The watersheds of Southern Colorado and Northern New Mexico provide between 50-75% of the water found in the Rio Grande. But an increased severity and frequency of wildfires are threatening the area’s snowpack and the river itself.
New Mexico State University Extension Forest and Fire Specialist Doug Cram says southern latitudes and lower elevations are often more susceptible to a reduction in snowpack after wildfires, leaving unique challenges for the state of New Mexico.
“When it's snowing all the tree canopy intercepts that snow, but if there's a severe wildland fire those trees would be removed,” Cram said. “So, you’d have snow on the ground, but then those trees aren't there to provide shade. And so, you’d have impact from solar radiation. So, you have these competing factors.”
Cram says another factor to consider is the amount of charcoal and ash that can blanket parts of New Mexico’s snowpack.
“Instead of reflecting more light because it's white, the black would be absorbing more sunlight, and so would increase shortwave radiation,” Cram said. “And you can imagine how that might impact snow.”
According to the National Interagency Fire Center, over 10.1 million acres burned nationwide in 2020. In 2019, it was slightly over 4.6 million acres. For New Mexico, a state currently predicted to lose more than 70% of its snowpack by the end of the century, protecting the resource from wildfires is critical.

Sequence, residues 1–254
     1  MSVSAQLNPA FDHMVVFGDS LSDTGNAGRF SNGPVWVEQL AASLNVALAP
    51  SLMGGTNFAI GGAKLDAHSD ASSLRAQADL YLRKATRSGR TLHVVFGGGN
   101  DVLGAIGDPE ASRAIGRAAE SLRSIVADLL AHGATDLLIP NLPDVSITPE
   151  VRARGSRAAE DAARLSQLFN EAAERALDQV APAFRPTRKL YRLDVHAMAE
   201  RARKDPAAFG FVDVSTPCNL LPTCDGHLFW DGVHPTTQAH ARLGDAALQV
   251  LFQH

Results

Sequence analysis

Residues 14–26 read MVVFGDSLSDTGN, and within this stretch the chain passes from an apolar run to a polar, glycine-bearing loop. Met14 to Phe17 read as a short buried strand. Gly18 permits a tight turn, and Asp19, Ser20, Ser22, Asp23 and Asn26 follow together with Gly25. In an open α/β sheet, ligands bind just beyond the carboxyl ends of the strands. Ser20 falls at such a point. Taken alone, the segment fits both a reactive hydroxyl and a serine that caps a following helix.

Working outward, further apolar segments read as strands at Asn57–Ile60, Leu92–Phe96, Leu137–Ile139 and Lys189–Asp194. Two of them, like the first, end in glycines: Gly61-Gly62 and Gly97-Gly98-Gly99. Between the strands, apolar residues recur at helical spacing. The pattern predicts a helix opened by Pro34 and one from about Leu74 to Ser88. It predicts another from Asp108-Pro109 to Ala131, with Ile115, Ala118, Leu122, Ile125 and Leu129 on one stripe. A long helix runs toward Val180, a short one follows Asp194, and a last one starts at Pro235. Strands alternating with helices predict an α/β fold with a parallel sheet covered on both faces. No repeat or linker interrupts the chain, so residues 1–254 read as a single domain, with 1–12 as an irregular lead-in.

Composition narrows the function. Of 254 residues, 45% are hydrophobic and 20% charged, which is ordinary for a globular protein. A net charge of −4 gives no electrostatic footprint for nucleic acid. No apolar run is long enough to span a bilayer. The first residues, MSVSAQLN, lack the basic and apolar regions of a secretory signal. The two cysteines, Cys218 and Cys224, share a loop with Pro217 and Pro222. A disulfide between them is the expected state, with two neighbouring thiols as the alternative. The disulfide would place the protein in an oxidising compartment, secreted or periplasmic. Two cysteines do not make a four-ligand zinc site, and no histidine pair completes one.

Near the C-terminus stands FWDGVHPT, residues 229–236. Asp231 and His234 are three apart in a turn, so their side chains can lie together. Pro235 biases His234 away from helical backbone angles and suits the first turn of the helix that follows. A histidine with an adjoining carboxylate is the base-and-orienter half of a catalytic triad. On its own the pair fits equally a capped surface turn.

Currently, federal appropriations, such as the $1.58 billion in federal dollars spent on wildfire response in 2019, are largely focused on fire suppression efforts. Cram says increasing management expenditures focusing on the health of the watershed, rather than concentrating largely on suppressing fires as they happen, is a smart investment.
“One of our challenges, here in the southwest and across the west, is the amount of money we put into our forest management,” Cram said. “We have less money spent on management through time and more money spent on suppression…Managing watersheds is a better investment. So, what we'd like to see here through time is increased expenditures and management and decreased expenditure in suppression.”
And wildfires aren’t the only danger to the Rio Grande. Kevin Bixby, the executive director of the Southwest Environmental Center, says water distribution below Elephant Butte leaves nothing for the ecosystem itself.
“The federal government filed for water rights for the entire flow of the Rio Grande below Elephant Butte so every drop in the river is spoken for,” Bixby said. “What that means in a practical way is that there is no legal obligation to leave any water in the river.”
Bixby listed more than 15 native fish species once found in Southern New Mexico that are now gone due to the river drying up annually and the loss of aquatic habitat. He says he would like to see the section of the Rio Grande below Elephant Butte re-engineered to help restore the ecosystem.
“One possibility is to re-engineer a mini Rio Grande that functions like the old river but on a smaller scale. It would require obtaining a share of water for the river itself,” Bixby said. “And then using that water to mimic the way the river used to flow and particularly the spring floods. If we did that the river itself could restore water habitats.”